Recommendations has yet again changed the default editor, upsetting many users.

The new editor

The new editor.

I use my redirect script to get back to the classic core editor (the best editor) instead of using the new one, but I figured I might as well make the new one more useful for anyone who wants to use it.

See the hack →’s new editor was updated on November 16 and it broke redirecting for private and Jetpack-enabled blogs. Specifically, the fallback link to the old editor was removed, so the script could not scrape it and redirect to it.

Those of you who are using the script already and have automatic updates enabled (it’s probably enabled by default) should get an update to v1.4.0 soon. Otherwise, head over to Greasy Fork and install the script manually.

As a result of the update, redirection for Jetpack-enabled blogs whose site root and installation root differ fails again. Until someone figures out how to hijack the API proxy that the editor uses, this will stay broken.

Please report any issues you come across and I will try to fix them as soon as possible.

Technical details →

Dactylonomy: “the use of one’s fingers to express numbers.” (Wiktionary). We have all encountered finger-counting at some point; most of us have even been able to count to 10 since we were very young. Counting to 10 on one’s fingers is likely even the origin of the base 10 system. However, only being able to count to 10 is not very useful when you want to express numbers greater than 10, of which there are infinitely many. Has it ever occurred to you that you’re not limited to counting to 10?

A hand counting to 5

How Americans count to 5 on one hand. Europeans start with the thumb and move towards the little finger instead.

Learn how →

The Beast stumbled in the dark for it could no longer see the path. It started to fracture and weaken, trying to reshape itself into the form of metal.
Even the witches would no longer lay eyes upon it, for it had become hideous and twisted.

The soul of the Beast seemed lost forever.

Then, by the full moon‘s light, a child was born; a child with the unbridled soul of the Beast that would make all others pale in comparison.

from the Chronicles of the Pale Moon, 24:2


Mozilla has made too many mistakes. It all started with putting tabs on top and getting rid of the status bar in Firefox 4. It wasn’t much of a big deal back then because the functionality could be brought back with an option and a recommended add-on, respectively. Things all changed when Mozilla announced that a new look, called Australis, had landed in Firefox Nightly.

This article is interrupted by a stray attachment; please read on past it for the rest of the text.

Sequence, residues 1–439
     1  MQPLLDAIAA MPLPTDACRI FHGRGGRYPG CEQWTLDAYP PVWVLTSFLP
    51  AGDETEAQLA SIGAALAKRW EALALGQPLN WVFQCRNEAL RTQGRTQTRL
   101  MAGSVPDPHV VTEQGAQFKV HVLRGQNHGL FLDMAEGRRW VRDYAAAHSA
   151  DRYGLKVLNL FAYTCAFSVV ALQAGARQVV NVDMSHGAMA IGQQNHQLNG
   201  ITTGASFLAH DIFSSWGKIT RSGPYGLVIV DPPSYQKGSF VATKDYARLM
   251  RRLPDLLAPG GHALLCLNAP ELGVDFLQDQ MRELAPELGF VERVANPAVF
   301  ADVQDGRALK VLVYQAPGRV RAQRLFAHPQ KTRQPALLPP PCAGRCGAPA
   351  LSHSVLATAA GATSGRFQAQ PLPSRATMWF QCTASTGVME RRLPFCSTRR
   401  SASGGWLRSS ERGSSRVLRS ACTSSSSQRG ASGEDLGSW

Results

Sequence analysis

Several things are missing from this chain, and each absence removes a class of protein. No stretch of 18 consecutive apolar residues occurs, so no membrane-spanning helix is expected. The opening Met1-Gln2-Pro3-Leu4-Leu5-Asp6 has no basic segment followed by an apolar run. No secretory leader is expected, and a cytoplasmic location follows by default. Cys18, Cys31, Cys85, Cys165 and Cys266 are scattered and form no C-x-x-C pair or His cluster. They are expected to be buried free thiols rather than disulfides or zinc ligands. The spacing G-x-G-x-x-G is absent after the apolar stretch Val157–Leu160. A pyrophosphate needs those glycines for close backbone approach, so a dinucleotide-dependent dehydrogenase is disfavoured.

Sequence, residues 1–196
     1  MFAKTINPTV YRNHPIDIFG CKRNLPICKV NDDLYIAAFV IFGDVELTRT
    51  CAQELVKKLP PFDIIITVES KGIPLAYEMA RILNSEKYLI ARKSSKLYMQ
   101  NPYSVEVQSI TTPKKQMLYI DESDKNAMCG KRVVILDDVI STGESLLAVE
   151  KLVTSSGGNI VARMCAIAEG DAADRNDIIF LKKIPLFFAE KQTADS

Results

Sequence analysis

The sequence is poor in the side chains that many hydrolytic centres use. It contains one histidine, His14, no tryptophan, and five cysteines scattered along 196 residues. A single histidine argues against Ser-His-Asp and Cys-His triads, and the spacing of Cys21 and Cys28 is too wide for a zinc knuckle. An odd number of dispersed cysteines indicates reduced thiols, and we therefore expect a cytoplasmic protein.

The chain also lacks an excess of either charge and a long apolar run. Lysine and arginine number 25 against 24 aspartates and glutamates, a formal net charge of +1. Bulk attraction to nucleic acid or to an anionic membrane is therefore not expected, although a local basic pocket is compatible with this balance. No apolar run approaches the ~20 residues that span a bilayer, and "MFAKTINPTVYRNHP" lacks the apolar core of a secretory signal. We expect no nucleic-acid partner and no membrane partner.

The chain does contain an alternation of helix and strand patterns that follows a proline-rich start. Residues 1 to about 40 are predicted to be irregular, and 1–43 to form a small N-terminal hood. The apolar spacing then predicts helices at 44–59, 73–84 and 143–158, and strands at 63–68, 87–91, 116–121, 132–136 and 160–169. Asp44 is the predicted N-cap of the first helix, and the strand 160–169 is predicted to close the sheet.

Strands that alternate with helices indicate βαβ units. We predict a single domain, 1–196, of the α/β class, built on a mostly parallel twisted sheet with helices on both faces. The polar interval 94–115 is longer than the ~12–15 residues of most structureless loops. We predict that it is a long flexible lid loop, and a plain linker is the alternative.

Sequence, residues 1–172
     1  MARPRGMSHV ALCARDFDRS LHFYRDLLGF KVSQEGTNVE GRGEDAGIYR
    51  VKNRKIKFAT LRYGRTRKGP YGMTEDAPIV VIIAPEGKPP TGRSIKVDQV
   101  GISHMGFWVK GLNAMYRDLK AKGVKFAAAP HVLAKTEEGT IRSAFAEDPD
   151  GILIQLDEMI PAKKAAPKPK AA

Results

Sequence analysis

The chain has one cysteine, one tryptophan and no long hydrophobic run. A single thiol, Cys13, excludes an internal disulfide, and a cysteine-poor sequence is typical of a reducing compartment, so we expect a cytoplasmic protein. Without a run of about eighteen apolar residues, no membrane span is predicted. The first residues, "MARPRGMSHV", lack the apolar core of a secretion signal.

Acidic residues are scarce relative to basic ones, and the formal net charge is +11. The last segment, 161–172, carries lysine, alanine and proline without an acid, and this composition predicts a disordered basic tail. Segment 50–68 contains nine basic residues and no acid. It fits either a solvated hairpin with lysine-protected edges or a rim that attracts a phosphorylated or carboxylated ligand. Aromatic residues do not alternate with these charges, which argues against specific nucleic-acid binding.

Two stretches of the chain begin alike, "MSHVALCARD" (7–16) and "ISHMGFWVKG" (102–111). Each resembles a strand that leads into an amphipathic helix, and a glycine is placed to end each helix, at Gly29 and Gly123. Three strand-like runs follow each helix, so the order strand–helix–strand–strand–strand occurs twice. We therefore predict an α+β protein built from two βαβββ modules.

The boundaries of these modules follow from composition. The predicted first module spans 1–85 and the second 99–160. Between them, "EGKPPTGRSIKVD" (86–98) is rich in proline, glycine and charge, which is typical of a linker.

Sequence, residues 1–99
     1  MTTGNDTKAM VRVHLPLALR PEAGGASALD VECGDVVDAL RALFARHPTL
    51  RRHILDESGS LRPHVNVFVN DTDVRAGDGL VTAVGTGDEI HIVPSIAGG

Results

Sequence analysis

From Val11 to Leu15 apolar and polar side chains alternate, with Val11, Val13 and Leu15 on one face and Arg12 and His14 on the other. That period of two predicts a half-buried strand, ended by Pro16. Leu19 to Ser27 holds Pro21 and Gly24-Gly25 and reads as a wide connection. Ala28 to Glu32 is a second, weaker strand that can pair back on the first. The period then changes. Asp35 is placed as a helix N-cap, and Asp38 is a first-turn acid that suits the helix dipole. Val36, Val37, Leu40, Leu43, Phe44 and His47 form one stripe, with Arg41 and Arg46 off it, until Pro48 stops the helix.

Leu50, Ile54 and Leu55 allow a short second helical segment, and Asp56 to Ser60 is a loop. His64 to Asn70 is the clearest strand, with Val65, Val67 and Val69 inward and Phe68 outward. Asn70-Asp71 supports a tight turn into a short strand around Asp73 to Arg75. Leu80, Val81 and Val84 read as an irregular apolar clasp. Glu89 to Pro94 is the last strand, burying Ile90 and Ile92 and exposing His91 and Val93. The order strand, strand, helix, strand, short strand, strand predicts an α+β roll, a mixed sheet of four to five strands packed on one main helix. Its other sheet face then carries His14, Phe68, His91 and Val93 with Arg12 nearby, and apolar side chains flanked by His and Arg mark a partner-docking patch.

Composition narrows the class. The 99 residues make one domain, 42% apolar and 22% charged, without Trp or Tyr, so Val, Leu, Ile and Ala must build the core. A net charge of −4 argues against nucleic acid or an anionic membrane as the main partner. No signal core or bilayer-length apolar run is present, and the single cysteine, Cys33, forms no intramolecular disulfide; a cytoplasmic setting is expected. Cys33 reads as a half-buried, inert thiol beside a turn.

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A sample Pidgin conversation window.

Instant messaging (Pidgin)

It’s quite likely that if you have some sort of social account that you’ve instant messaged with before. I’d describe it as online chatting, like email with the immediacy of “txting“.

Y!Messenger logo


I started instant messaging when Yahoo! first integrated Y!Messenger into its so-called All-new Yahoo! Mail in 2007 (I really miss that version). It was really useful as I didn’t have to wait for people to email a reply and to make sure I refreshed my inbox so that I got it. It also wouldn’t clutter my inbox with multiple emails of the same conversation. A sound played whenever the other party sent a message, ensuring that I wouldn’t miss it.

Of course, everyone else seemed to have the Microsoft counterpart, MSN/Windows Live. That wasn’t much of a problem as Y!Messenger was able to communicate with Windows Live contacts, so long as both parties had the other added to their online lists. It worked fairly well, although features were limited.

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My friend just gave me a 2011 Unicomp Ultra Classic Black Buckling Spring USB keyboard!

A head-on view of a Unicomp Ultra Classic Black Buckling Spring USB keyboard

A Unicomp Ultra Classic Black Buckling Spring USB keyboard

Some people ask what the big deal is about mechanical keyboards and why I’m so excited. Perhaps it’s just a geek thing, but here is an excerpt from Unicomp’s keyboard page:

Your fingers will feel the difference with a buckling spring keyboard. Your typing accuracy will improve. The buckling spring key switch is design to record your keystroke at the precise instant that you feel the tactile change.

Standard rubberdome keyboards record the keystroke well after the tactile change is felt by your fingers. If you miss characters as you type and you know you pressed the key, that’s why. If you’ve tried to enter a shifted character but it came out lower case, that’s why. In fact most rubberdome keyboards require you to press the key all the way to the bottom. To compensate, many rubberdome users end up pounding the keys as they type. Ouch!

With the instantaneous nature of the buckling spring, your fingers can stop before the key hits bottom. Yes, the force required to press a buckling spring is a little higher than a rubberdome, but the low force over-travel period designed into the buckling spring allows your fingers to comfortably decelerate before hitting the key bottom. Ahhh!

Part of it is also just the thrill of having a mechanical keyboard and hearing that “click” every time you press a key.

Oh, am I ever going to have lots of fun with this thing!

Everyone has been asked to provide an email address at least once, whether it’s for using that coupon you used at a restaurant, to comment on a blog, or for signing up for an account on a website[1]. Of course, for various reasons, you don’t want to give away your primary address. How do you solve it? What you’re looking for is a disposable email address.

“Disposable Email Address systems cut waaaaaaaaay down on email spam”

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